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2014年10月11日 (土)

派遣法改正案 増えるか減るかに終始するな

The Yomiuri Shimbun
Temporary staffing bill debate goes beyond simple ‘increase or decrease’
派遣法改正案 増えるか減るかに終始するな

A government-sponsored bill to revise the Temporary Staffing Services Law has become a legislative cause over which the ruling and opposition parties are locking horns at a newly opened Diet session.

The focus of their debate over the bill is what should be done to improve the treatment of temporary employees and guarantee their job security. Legislators need to promote constructive debates on the whole issue during the extraordinary Diet session, which opened on Sept. 29.
The bill was submitted to the new Diet session after similar legislation was scrapped at the last ordinary Diet session, which closed in late June.

The main pillar of the bill seeks to enable business corporations to utilize temporary staff in all categories of services for unlimited periods.

The current law does not permit corporations to keep temporary workers on their payroll for a period in excess of three years. Professionals in 26 fields, such as interpreters and secretaries, are an exception to this rule.

This legal restriction is aimed at preventing companies from replacing regular employees with temporary workers to conduct the work currently carried out by regular employees.

The amendment bill would authorize corporations to extend the period of employment for temporary workers, provided input is heard from labor unions and other entities affected by proposed measures once every three years. We find it reasonable that the bill will make it easier for companies to use temporary staff as a resource necessary for corporate activities such as expanding the scope of business operations.

Nonetheless, the bill will not allow temporary workers to be kept continuously on the payroll at a single business facility. The bill places a three-year upper limit on the term of employment for temporary workers in each job assignment.

The rationale for this rule is that experiencing various job assignments will help improve the skills of temporary employees, thereby enabling them to receive higher wages and other advantageous treatment.

These envisaged rules mean temporary staffing agencies will have a greater obligation to fulfill in this respect. For instance, the bill would require such agencies to take measures aimed at increasing the job security of each temporary employee after three years of work at the corporation to which he or she has been assigned. More precisely, a temporary staffing agency must ask the company to directly employ the worker, while also finding a new company to which the worker could be sent.

Systematic training necessary

Another obligation for personnel placement agencies would be to assist temporary workers in improving their career opportunities through measures such as systematic vocational training.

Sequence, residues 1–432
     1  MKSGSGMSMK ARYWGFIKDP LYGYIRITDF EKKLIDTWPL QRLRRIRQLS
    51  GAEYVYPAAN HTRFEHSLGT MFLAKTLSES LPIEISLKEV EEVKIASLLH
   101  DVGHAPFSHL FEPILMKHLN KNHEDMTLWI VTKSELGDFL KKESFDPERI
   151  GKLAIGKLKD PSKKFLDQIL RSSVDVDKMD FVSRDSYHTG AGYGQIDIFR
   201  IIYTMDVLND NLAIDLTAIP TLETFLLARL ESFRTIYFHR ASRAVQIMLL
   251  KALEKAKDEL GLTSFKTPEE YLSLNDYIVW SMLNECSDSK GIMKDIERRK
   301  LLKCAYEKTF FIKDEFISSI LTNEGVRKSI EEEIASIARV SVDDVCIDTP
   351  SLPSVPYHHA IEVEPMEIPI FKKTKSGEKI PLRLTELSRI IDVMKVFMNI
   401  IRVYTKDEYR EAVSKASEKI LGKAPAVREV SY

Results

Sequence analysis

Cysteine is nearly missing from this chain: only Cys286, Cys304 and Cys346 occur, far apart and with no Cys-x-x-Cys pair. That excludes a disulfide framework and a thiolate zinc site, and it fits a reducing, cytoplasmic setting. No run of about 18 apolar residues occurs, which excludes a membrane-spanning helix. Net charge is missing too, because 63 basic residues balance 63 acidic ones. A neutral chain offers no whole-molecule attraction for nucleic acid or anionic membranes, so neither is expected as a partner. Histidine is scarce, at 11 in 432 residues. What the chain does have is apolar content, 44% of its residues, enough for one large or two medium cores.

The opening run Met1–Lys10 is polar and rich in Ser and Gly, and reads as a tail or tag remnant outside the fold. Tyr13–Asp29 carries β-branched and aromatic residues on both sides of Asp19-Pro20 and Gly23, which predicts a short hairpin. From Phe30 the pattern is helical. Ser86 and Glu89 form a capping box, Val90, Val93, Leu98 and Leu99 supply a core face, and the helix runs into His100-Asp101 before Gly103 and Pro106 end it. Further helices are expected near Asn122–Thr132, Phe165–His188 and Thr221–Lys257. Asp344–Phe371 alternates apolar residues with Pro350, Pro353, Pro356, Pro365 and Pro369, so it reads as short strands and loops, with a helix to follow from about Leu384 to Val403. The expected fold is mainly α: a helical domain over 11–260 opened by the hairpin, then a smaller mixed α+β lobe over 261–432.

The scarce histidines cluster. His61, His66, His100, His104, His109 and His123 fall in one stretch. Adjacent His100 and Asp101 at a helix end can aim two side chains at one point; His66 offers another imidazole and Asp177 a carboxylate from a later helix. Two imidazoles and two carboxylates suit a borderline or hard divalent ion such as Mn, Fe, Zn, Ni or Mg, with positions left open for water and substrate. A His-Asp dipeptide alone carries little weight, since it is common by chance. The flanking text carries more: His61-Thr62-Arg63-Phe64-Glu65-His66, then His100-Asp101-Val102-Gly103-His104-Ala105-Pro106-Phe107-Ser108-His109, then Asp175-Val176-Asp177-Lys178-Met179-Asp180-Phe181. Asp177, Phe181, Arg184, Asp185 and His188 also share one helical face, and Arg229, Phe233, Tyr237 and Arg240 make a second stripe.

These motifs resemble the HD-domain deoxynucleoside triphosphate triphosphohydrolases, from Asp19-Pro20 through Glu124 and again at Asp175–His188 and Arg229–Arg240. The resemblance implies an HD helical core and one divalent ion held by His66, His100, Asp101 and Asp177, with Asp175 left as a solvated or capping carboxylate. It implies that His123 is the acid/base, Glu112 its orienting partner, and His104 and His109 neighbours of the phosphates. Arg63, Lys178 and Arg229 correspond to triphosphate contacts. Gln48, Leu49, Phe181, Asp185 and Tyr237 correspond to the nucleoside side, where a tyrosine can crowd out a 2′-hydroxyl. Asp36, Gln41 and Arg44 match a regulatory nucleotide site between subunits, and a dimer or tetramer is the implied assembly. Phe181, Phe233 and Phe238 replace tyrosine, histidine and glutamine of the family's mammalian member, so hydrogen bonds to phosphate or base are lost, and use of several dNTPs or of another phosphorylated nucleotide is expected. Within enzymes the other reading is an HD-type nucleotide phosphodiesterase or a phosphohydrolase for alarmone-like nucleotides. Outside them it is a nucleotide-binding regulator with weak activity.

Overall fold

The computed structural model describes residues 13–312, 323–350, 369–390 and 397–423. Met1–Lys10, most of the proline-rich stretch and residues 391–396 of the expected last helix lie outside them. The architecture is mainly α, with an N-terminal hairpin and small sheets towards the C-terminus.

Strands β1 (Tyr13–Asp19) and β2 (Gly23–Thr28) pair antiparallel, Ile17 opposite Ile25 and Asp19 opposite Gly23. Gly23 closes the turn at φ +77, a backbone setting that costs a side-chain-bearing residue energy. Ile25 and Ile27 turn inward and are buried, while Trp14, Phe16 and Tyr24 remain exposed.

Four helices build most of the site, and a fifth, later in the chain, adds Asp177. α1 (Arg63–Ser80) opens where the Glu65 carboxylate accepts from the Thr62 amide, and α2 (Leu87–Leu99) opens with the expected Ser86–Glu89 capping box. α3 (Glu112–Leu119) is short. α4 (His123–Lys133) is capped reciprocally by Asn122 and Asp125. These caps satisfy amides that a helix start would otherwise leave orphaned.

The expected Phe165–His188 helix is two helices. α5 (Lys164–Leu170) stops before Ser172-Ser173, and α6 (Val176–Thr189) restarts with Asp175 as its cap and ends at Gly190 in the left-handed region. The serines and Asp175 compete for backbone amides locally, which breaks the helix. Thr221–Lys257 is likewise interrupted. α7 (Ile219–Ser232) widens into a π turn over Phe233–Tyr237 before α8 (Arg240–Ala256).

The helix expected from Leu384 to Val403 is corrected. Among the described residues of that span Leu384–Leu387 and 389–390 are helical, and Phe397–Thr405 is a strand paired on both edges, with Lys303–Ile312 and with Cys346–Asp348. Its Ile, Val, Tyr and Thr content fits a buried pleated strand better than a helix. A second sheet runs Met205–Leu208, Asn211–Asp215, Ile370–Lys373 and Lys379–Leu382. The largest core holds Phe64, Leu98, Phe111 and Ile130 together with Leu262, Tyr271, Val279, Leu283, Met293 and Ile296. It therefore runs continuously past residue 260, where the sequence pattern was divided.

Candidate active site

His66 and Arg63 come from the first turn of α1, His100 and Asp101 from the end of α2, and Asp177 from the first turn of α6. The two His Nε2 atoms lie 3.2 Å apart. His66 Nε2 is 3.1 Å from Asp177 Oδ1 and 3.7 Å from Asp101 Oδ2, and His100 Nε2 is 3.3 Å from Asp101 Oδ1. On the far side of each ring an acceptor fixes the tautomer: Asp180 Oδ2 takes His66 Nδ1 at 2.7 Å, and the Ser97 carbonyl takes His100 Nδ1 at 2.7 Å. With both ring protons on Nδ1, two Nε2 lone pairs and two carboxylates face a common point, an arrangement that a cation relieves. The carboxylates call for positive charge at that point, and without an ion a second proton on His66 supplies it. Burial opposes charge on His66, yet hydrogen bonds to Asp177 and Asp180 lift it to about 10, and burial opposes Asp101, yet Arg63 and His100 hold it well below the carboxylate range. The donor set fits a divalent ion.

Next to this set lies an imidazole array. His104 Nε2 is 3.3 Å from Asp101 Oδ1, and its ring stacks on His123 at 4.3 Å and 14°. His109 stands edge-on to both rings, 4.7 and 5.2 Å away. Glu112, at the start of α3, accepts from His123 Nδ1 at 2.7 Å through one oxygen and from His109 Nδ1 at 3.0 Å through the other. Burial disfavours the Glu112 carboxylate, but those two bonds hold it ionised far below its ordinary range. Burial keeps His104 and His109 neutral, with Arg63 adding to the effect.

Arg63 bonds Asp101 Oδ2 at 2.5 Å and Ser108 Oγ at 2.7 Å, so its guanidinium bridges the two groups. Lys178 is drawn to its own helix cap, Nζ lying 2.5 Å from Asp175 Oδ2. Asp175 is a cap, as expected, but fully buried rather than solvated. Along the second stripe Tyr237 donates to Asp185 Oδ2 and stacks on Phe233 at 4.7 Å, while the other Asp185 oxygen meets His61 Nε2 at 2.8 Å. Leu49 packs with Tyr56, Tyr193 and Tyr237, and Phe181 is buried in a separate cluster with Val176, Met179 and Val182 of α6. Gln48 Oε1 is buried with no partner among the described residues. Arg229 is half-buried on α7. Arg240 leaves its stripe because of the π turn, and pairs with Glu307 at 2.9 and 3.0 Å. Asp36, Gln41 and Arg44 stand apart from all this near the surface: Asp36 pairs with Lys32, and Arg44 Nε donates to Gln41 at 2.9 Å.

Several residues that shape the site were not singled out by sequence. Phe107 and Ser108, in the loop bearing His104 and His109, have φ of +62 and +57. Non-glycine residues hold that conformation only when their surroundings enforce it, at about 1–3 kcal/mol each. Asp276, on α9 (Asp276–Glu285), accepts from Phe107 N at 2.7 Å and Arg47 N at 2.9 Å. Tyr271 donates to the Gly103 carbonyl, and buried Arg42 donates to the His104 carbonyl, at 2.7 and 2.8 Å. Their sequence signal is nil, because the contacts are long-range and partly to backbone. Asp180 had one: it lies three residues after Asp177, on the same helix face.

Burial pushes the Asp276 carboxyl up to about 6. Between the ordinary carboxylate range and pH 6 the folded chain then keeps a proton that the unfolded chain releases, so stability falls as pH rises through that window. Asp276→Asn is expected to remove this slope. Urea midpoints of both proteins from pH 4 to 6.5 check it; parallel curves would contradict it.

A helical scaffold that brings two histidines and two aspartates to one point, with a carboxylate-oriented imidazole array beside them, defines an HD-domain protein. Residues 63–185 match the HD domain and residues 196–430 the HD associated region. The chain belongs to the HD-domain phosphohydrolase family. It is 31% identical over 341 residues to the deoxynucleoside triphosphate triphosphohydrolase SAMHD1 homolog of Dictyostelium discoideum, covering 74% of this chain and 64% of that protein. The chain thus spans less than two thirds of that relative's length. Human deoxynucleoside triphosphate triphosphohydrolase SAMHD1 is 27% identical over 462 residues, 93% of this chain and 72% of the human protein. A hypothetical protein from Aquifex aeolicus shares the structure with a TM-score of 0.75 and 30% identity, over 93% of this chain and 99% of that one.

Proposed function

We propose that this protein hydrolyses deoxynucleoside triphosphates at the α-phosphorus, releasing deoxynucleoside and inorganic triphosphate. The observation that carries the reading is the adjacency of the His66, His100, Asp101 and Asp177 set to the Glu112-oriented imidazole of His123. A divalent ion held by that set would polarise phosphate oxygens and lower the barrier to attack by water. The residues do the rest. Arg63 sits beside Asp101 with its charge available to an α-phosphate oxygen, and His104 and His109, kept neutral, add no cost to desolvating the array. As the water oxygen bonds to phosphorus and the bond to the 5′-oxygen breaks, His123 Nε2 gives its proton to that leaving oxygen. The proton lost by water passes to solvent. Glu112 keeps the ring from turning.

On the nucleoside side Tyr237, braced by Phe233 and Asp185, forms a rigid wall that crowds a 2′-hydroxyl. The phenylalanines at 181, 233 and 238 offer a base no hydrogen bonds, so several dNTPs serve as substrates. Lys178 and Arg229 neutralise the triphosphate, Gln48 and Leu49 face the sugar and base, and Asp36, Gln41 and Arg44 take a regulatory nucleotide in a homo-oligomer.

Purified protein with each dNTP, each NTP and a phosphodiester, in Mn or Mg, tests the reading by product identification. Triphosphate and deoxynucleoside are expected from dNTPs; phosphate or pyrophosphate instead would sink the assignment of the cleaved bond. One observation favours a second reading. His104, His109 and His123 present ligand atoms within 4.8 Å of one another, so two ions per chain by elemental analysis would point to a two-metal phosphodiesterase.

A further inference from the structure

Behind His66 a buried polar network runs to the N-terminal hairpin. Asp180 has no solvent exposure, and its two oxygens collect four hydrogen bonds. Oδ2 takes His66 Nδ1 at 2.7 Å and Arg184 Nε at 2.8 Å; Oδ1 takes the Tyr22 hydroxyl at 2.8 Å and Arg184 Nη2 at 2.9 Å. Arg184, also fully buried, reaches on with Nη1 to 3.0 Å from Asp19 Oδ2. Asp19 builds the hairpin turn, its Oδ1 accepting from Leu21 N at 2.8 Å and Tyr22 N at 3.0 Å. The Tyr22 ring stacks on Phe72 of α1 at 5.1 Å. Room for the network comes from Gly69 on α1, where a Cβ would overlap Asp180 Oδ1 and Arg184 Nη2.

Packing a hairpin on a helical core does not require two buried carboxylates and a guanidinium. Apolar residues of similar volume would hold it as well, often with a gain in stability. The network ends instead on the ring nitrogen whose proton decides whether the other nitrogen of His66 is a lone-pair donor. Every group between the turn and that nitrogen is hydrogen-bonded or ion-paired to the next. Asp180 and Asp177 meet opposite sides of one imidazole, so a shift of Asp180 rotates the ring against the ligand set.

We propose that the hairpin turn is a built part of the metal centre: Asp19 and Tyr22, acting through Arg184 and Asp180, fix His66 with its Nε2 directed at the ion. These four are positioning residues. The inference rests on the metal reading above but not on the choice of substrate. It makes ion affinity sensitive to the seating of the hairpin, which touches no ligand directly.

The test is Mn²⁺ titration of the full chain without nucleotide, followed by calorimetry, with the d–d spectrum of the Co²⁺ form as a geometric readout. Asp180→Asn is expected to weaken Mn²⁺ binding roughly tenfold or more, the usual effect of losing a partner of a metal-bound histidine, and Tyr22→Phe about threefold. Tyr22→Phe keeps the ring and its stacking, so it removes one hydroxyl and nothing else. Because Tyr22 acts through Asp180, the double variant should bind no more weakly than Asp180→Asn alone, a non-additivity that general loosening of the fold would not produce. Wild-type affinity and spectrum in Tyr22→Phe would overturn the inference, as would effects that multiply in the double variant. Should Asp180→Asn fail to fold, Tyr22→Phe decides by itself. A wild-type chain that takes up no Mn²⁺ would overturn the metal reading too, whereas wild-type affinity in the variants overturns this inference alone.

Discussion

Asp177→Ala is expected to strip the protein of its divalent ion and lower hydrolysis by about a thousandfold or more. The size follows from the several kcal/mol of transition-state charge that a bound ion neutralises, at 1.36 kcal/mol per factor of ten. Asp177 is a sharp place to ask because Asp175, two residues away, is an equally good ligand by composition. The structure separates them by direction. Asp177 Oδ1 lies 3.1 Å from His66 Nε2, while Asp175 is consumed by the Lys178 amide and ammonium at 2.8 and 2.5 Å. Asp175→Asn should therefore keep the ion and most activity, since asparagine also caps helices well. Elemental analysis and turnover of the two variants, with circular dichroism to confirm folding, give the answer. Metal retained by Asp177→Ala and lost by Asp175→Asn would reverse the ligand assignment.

These steps constitute an effort to better protect temporary employees while also guaranteeing them a diversity of work styles. In fact, the current legislation has been insufficient in protecting such workers over the years.

Given this, the specifics of the bill can be deemed to be reasonable.

The Democratic Party of Japan is urging other opposition parties to join hands to oppose the bill, criticizing it as a measure conducive to increasing the number of “life-time temporary workers.” At a session of the House of Representatives Budget Committee, a DPJ member pressed the government for an answer to his question over whether the bill is intended to “increase or decrease” the number of temporary workers.

In reply, Prime Minister Shinzo Abe emphasized the purpose of the bill by describing it as a set of measures to “aid temporary employees in their career development, including an effort to place them on the regular payroll.”

About 40 percent of temporary workers hope to become permanent regular employees. It is important to reduce the number of people taking up temporary jobs despite their desire to earn a permanent position. However, it should be noted that a considerable number of people have limited time to work because of their family circumstances and other reasons, and, consequently, want to work as a temporary worker.

No one should be obsessed with debating the whole issue just from the standpoint of “an increase or decrease” in the number of temporary employees. Such a stance is tantamount to looking negatively at all temporary jobs without exception.

What is important is to improve the working conditions of temporary workers. It is essential to discuss pertinent issues from various perspectives, with a view to rectifying the status quo of temporary staff as low-paid workers who have poor job security and cannot expect to receive pay increases.

The amendment bill would obligate all temporary staffing agencies to operate on a licensing system, meaning they must fulfill more rigorous requirements.

If temporary staffing firms are consolidated into a group of corporations whose size exceeds a certain level, it will improve their power to better negotiate with the companies to which temporary staff have been sent.

We hope achieving success in realigning the temporary staffing business will do much to improve the treatment of workers in that sector.

(From The Yomiuri Shimbun, Oct. 8, 2014)Speech


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